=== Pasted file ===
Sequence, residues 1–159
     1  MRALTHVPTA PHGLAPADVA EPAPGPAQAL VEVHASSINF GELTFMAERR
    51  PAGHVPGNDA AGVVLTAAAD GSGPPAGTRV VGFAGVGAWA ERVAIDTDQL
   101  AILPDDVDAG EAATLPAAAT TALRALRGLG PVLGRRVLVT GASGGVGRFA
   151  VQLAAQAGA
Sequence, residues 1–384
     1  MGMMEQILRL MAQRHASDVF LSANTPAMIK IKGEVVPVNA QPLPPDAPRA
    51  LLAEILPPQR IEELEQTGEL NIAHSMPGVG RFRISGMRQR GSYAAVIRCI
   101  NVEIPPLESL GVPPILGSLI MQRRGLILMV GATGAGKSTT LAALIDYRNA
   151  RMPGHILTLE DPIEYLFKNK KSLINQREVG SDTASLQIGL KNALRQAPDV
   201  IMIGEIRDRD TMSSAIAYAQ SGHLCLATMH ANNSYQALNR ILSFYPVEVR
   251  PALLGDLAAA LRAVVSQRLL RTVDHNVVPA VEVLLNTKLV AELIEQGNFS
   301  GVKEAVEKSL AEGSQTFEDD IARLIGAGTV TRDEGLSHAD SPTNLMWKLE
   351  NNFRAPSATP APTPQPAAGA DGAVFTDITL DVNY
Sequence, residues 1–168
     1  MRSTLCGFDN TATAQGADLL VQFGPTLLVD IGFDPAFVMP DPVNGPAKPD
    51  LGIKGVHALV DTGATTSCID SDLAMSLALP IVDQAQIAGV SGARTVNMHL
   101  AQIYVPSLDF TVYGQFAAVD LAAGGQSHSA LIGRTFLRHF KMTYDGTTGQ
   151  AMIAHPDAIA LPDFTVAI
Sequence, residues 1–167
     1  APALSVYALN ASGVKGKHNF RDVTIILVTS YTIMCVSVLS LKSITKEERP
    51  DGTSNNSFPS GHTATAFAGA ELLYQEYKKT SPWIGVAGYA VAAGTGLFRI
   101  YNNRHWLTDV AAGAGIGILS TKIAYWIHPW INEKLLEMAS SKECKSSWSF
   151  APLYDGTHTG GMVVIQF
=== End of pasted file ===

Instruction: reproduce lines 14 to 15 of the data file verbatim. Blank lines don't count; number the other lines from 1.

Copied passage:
   351  NNFRAPSATP APTPQPAAGA DGAVFTDITL DVNY
Sequence, residues 1–168